Leibovitz also displayed a photo she took of John Lennon and Yoko Ono, which covered Rolling Stone shortly after he was murdered. Leibovitz described herself as being "perplexed" with the photos after, but said some shoots just figure themselves out.

"The '80s were not a romantic time and I asked [John and Yoko] to crawl up together. I wanted them both to be naked, but Yoko wouldn't take off her pants so I said, 'why don't you keep everything on?' In those days, you pull a Polaroid and the three of us knew right away it was good," she said. "I was sent to get John for the cover, not Yoko, because there was still a lot of resentment [towards her]. But when I got there, John said he wanted Yoko on the cover... When he was killed, I went to Rolling Stone and they were mocking up the film. I told them the story and so they put that photo on the cover."

Susan Sontag shot by Annie Leibovitz in Paris.

4. Portraits of Susan Sontag: Leibovitz said some of her most important work was a series of photos she took of her partner, essayist Susan Sontag. She said Sontag had extremely high expectations for the photos, which Leibovitz found frustrating. After Sontag died of Myelodysplastic syndrome in 2004, Leibovitz looked back at photos and said she was proud.

"I realized I was sort of going out every day going out doing assignments but there was other parts of my life that I was photographing," she said.

Showing a photo she took of Sontag in Paris by the river, Leibovitz said it was especially hard to photograph people she was intimate with.

"I had this idealistic idea of what Susan could imagine her portrait to be, but I found her to have an attitude of wanting to look good. That was heartbreaking to me, I thought she'd want to be strong [looking] but she didn't want to be that. That happens when you know people very well, you know how they want to see themselves, and it can be very difficult."

Dancers Mikhail Baryshnikov and Rob Besserer. Photo by Annie Leibovitz.

5. Dancing Series: In 1990, Leibovitz spent three weeks in Florida shooting dancers, including Mikhail Baryshnikov and Rob Besserer. Leibovitz had been approached to photograph several dancers, and ended up staying on the project for three weeks because dancing reminded her of her mother.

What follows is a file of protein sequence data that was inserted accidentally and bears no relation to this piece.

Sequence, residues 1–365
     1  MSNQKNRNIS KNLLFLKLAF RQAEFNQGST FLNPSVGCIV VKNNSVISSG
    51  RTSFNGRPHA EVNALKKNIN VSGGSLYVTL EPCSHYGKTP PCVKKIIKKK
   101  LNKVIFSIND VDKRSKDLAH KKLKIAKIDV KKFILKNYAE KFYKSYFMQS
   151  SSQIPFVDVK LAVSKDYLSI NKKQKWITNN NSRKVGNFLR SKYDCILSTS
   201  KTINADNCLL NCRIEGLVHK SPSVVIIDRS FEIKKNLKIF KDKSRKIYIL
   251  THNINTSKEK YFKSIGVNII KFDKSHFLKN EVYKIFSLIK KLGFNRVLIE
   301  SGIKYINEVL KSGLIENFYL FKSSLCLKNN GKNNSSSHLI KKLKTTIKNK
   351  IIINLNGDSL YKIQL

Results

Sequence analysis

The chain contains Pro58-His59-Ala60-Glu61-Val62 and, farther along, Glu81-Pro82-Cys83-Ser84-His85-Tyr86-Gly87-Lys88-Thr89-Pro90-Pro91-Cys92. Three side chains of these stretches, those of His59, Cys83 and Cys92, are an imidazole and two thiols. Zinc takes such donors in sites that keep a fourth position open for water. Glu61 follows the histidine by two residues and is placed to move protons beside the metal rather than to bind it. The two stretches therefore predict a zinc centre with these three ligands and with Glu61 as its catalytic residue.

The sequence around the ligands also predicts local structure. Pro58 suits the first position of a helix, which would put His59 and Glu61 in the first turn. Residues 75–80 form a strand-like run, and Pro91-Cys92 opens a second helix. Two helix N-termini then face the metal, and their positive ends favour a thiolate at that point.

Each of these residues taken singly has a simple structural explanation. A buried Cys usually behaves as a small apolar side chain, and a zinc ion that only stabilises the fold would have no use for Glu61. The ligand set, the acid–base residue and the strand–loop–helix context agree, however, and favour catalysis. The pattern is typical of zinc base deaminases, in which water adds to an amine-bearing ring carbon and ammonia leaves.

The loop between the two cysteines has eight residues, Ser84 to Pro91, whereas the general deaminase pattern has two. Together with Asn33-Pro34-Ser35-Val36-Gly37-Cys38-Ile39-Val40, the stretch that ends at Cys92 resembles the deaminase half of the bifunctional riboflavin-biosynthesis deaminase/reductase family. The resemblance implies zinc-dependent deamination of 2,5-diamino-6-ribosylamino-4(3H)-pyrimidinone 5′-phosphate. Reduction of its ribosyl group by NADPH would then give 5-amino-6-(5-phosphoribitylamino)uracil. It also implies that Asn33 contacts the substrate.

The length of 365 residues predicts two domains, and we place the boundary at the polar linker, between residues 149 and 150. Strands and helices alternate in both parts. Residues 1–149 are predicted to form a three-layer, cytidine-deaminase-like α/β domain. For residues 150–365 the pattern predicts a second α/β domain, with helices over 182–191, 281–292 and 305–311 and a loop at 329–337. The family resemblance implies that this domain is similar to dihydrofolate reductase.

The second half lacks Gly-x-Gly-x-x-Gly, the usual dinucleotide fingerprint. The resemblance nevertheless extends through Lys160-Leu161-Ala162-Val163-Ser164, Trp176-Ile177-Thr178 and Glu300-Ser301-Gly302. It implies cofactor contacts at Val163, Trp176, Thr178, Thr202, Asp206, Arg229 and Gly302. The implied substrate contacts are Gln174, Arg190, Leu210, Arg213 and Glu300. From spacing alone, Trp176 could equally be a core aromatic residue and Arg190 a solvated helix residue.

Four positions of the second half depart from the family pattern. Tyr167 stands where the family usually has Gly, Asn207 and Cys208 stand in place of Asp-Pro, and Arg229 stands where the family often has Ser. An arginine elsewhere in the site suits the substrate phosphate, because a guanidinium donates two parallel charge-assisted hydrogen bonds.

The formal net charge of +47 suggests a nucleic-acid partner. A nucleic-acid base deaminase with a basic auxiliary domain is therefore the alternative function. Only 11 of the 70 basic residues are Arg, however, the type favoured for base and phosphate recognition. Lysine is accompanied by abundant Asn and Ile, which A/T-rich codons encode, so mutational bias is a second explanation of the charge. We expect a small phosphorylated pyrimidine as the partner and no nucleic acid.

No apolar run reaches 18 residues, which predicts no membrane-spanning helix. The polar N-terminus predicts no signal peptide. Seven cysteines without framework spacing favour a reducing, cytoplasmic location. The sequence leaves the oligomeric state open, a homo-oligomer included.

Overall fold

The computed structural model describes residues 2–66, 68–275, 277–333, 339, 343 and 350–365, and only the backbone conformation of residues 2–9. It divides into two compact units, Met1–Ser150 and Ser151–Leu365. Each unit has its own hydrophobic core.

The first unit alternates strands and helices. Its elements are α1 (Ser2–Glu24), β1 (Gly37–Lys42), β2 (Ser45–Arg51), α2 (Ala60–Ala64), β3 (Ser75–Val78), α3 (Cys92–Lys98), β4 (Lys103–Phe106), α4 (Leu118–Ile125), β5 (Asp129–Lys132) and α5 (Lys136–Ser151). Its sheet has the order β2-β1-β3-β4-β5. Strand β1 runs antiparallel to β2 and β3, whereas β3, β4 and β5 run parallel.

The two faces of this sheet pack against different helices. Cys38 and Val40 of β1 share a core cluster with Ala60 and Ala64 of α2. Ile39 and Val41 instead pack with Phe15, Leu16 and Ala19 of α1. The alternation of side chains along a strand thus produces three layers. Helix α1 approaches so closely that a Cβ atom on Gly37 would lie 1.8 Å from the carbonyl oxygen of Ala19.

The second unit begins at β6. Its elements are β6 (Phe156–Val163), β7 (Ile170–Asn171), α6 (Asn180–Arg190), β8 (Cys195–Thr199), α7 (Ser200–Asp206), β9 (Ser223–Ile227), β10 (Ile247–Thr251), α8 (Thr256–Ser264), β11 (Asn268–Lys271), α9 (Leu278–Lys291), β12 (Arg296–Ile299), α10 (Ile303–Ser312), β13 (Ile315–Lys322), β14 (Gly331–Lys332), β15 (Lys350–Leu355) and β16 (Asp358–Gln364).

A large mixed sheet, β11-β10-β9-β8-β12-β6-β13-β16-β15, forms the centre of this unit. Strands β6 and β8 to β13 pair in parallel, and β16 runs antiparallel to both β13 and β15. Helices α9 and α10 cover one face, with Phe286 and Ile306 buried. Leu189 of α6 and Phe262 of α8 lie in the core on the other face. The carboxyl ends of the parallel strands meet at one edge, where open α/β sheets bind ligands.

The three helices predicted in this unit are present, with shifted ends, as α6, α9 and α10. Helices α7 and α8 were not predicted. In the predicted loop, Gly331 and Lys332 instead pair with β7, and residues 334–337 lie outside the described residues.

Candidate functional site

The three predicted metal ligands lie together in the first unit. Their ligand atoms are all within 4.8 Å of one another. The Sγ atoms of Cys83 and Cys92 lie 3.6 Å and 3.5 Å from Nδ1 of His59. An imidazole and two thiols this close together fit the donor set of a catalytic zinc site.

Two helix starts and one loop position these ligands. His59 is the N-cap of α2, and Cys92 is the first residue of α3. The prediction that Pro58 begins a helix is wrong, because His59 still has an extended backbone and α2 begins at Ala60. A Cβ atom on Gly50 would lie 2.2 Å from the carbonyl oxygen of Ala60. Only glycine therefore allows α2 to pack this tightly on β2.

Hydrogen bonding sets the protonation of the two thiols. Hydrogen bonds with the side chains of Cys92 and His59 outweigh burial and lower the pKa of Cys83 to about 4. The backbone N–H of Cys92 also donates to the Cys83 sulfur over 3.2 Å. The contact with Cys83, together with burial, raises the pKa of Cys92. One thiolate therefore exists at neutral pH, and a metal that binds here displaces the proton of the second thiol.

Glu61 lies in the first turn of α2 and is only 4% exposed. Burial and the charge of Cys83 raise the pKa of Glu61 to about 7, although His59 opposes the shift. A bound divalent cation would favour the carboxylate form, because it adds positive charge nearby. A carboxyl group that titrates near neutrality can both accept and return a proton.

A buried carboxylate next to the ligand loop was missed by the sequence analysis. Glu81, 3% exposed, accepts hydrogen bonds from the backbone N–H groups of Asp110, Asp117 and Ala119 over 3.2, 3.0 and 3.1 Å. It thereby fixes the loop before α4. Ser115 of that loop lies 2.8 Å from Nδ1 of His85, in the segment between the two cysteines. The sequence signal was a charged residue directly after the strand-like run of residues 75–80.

"My mother was a dancer, and taught dancing, so I grew up with dance. So you can imagine what it would have been in my work to photograph dance," she said. "[For these photos] Misha's knees were not in the best shape."

A showgirl in Las Vegas. Photo by Annie Leibovitz

6. Photos for the "Women" book: Sontag originally presented Leibovitz with an idea to shoot women, but Leibovitz said the topic was too broad. She then flew to Las Vegas to shoot showgirls, and said she developed an idea to photograph the women she saw, before and after, in costume.

"The idea was that we didn't see what we looked like. [It was] transformation. That was a whole other idea, a decisive moment in shifting into conceptual work here. [For these photos] the camera couldn't contain it."

Susan Sontag, during her illness, flying back from Seattle. Photo by Annie Leibovitz.

7. Photos of her father and Susan Sontag dying: Leibovitz took many photos of her father and Sontag deteriorating through their illnesses. She said she liked to compare these images to photos of her three daughters, to contrast life and death.

Abraham Lincoln's gloves. Photo by Annie Leibovitz

8. "Pilgrimage" abstract series: While Leibovitz stuck with portrait photography most of her life, she did catalog abstract images that belonged to iconic historical figures, including Abraham Lincoln's leather gloves, Virginia Wolf's writing table, Marian Anderson's dress, and Emily Dickinson's house.

"[This was about] going out on a walk-about, trying to make sense of things, without people in the pictures. The personalities are there," she said. "This was done with Susan in mind, because she loved to travel. It started out with a list of places and turned into objects and I found myself drawn into a new sense of imagery that was really beautiful."

Author Maurice Sendak for Vanity Fair, taken by Annie Leibovitz in 2011.

9. Portrait of Maurice Sendak: Pointing to some of her current work, Leibovitz displayed a photo of American author Maurice Sendak she took for Vanity Fair in 2011. She used the image as an example of how she spends time with a subject—sometimes all day—to find the right conversation and setting for a portrait.

"Maurice loved to talk about dying, so we talked about dying all day long. I'm not afraid to come forward and be direct. It's not awkward. it's stimulating, I like to get it out of the way. It's something that's hanging there so sometimes I'll just bring it up right away. [For this photo], I said, 'it'll be like your heading towards the light!'